A. Substantives and adjectives of the third declension have their genitive in is. The terminations of the nominative are numerous, some ending in one of the vowels a, e, i, o, y, and others in one of the consonants c, (d), l, n, r, s, t, x. This declension comprises nouns of every gender.
Nouns ending in a, e, i, y, c, l,1 and t are neuter.
Nouns in o, or, os, and eus are generally masculine, but sometimes of other genders.
Those in as, aus, es, is, ys, bs, ns, and ps are generally feminine, sometimes masculine.
G. From the paradigms of this lesson it will be perceived, that substantives of this declension vary considerably as to the manner, in which they assume the characteristic termination of the genitive. The following rules are intended to give the learner some insight into the extent of this variation.5
Nouns in a change a into atis, as poēma, poēmatis, n., a poem.
Nouns in e change e into is, as cubīle, cubīlis, n., a couch.
Those in i6 are generally indeclinable, but sometimes have itos, as hydromeli, hydromelitos, n., mead.
Those in y add os, as misy, misyos, n., vitriol.
O commonly becomes ōnis, as sermō, sermōnis, m., speech. But do and go become dinis and ginis, as grandō, grandinis, f., hail; origō, originis, f., origin.7
Nouns in c, d, l, n simply add is, as hālec, hālecis, n. & f., a sort of pickle; David, Davidis, m., a man's name; cubital, cubitālis, n., a cushion; rēn, rēnis, m., the kidney.7
Those in ar, er, or, and ur commonly add likewise is, as nectar, nectaris, n., nectar; ānser, ānseris, m., a goose; lector, lectōris, m., a reader; sulphur, sulphuris, n., sulphur.9
Those in as generally change as into ātis, as vēritās, vēritātis, f., truth.10
The only nouns in aes are aes, n., brass, and praes, m., bondsman, which have aeris and praedis.
Nouns in aus have audis, as laus, laudis, f., praise; fraus, fraudis, f., fraud.
Those in es generally change es into is, as famēs, famis, f., hunger; rūpēs, rūpis, f., a rock; but sometimes into ēdis, ītis, or eris as hērēs, hērēdis, m., an heir; mīles, mīlitis, m., a soldier; Ceres, Cereris, f., the goddess Ceres.
Nouns in is have commonly is, as apis, is, f., a bee; ovis, is, f., a sheep; but sometimes also eris, inis, ītis, or idis, as pulvis, pulveris. m., dust; sanguis, sanguinis, m., blood; lapis, lapidis, m., a stone; Quiris, Quirītis, m., a Roman.—Sēmis, m., one half, has sēmissis.
Those in os change os into ōtis, as sacerdōs, -ōtis, m., a priest; nepōs, -ōtis, m., a grandson; but also into ōdis, ōis and oris, as custōs, -ōdis, m., a keeper; hērōs, -ōis, m., a hero; rōs, rōris, m., dew.11
The termination us becomes oris, eris, uris, ūdis (ūtis), or odis, as corpus, -oris, n., a body; opus, -eris, n., a word; crūs, crūris, n., the leg; incūs, -ūdis, f., an anvil; salūs, -ūtis, f., safety; tripūs, -odis, m., a tripod.
Greek nouns in eus have eos, as Orpheus, Orpheos, &c.
Nouns in ls, ns, and rs change s into tis or dis, as puls, -tis, f., a sort of pap; pars, -tis, f., a part; glāns, -dis, f., any kernel-fruit; sepēns, -tis, f., a serpent.
Those in bs, ps, and ms have bis, pis, and mis, as urbs, -bis, f., a city; stirps, -pis, m. & f., offspring; hiems, hiems, f., winter.12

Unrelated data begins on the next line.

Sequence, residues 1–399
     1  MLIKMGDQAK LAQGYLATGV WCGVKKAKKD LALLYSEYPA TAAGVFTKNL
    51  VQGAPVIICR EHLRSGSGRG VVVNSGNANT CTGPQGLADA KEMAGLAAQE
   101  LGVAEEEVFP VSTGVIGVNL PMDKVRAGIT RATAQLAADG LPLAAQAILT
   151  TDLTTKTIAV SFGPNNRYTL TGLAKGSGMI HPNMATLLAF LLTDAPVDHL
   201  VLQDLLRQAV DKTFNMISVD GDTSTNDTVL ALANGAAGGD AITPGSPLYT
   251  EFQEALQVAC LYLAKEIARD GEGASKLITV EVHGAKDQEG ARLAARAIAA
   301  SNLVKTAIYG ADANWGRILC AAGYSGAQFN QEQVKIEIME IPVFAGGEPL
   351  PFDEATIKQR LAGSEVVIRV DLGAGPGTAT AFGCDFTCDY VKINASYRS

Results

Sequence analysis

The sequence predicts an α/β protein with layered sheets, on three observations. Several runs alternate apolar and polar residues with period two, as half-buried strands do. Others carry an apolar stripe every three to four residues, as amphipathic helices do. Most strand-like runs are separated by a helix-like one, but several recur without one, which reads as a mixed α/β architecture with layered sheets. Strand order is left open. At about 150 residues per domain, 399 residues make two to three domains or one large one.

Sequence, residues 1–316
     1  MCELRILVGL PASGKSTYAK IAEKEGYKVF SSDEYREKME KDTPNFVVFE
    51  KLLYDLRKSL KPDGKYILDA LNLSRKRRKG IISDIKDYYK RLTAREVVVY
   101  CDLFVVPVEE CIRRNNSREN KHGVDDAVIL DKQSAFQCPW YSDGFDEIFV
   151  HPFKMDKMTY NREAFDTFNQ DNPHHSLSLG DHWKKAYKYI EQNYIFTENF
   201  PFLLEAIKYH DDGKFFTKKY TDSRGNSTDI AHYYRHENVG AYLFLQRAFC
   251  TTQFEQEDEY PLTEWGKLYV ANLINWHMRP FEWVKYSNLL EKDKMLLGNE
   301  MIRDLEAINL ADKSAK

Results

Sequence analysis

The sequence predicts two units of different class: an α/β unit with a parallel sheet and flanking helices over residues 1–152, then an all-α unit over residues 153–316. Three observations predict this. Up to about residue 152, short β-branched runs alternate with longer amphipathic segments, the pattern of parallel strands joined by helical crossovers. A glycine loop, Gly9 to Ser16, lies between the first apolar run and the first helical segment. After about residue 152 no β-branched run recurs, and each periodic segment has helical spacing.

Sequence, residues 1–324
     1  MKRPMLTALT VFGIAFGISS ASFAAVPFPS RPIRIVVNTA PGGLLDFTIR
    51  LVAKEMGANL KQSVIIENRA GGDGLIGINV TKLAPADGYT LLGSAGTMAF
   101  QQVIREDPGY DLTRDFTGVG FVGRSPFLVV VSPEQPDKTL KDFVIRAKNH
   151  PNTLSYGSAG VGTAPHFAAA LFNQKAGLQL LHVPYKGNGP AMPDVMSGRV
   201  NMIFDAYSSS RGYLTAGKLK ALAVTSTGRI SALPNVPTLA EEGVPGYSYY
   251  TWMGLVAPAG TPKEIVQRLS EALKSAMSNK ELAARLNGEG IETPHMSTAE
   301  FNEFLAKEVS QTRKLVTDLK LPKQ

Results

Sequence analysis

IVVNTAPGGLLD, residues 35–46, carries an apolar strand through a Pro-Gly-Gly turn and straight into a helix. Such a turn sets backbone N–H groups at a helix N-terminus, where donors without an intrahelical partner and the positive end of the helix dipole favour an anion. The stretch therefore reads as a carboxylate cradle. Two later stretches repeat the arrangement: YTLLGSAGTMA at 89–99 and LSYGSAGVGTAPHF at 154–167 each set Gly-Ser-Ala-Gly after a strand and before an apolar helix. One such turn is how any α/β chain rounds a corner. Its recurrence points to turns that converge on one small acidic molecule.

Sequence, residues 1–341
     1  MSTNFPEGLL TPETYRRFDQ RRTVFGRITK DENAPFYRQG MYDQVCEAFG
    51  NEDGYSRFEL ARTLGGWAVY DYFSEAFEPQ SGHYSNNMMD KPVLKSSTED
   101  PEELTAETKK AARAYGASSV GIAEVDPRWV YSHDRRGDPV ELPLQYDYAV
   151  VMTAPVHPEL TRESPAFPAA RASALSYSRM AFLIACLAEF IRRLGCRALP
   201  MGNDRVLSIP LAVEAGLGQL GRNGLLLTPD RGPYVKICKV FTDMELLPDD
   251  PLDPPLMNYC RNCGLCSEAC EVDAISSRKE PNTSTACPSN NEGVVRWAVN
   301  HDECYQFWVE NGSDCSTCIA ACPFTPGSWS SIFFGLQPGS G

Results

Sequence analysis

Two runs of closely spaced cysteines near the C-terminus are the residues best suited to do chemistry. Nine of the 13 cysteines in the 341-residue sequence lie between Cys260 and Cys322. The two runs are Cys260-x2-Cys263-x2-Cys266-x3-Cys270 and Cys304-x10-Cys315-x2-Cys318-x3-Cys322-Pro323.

The only nouns in t are caput, capitis, m., the head, and its compounds, occiput, -itis, &c.
Nouns in x change this letter into cis or gis, as vox, vōcis, f., the voice; calix, calicis, m., a cup; rēx, rēgis, m., a king; cōdex, cōdicis, m., a book.—But nix, f., snow, has nivis; nox, f., night, noctis; senex, adj, old, senis or senicis; and supellex, f., furniture, supellectilis.
1 Nouns in l are generally neuter, but sometimes masculine. 2 Nouns which are sometimes masculine and sometimes feminine, according to the context, are said to be of the common gender. So adolēscēns and juvenis, m. & f., a young man or woman; conjūx, m. & f., a husband or a wife; īnfāns, m. & f., an infant; and a number of others. Nouns of which the gender is unsettled are said to be of the doubtful gender; as diēs, m. & f., a day; penus, m., f., & n., provisions. 3 Neuters ending in e, al and ar have ī in the ablative instead of e; as mare, marī; animal, animālī; calcar, calcārī. Except sāl, far, baccar, jubar, hēpar, and nectar, which retain the e. 4 Prepositions before their cases are not accented. 5 These rules, though not directly connected with the exercises of this lesson, are yet recommended to the careful attention of the student. 6 Nouns in i and y are Greek, and so are their genitives itos and yos. 7 A number of other nouns in o have likewise inis, as homō, a man; nēmō, nobody; Apollō, &c.—Carō, flesh, f., has carnis, and Aniō, m., the name of a river, Antēnis. 8 But lac, n., milk, has lactis, and those in men have minis, as nūmen, nūminis, n., the deity. Greek nouns in on have onis and ontis, as īcon, īconis, f., an image; Acherōn, ontis, m., name of a river. 9 But those in ber and ter have bris and tris, as Octōber, Octōbris; pater, patris, m., a father. Some in ur have oris, as ebur, eboris, n., ivory, &c—Jecur, n., the liver, has jecuris, or jecinoris, and hēpar, n., the liver, hēpatis or hēpatos; cor, n., the heart, has cordis; iter, n., a journey, itineris, and Jūpiter, m., Jovis. 10 Greek nouns in as have antis and adis (or ados, as gīgas, gīgantis, m., a giant; lampas, lampadis or lampados, f., a lamp. other exceptions are: ās, assis, m., a coin; mās, maris, m., a male; vas, vadis, m., a surety, and vās, vāsis, m., a vessel. 11Ōs, n., the mouth, has ōris, but os, n., a bone, has ossis. The genitive of bōs, m. & f., an ox or cow, is bōvis. 12 But the adjective caelebes, single, has caelibis and the compounds of ceps have ipis, as princeps, -ipis, the foremost. The genitive of anceps, doubtful, is ancipitis.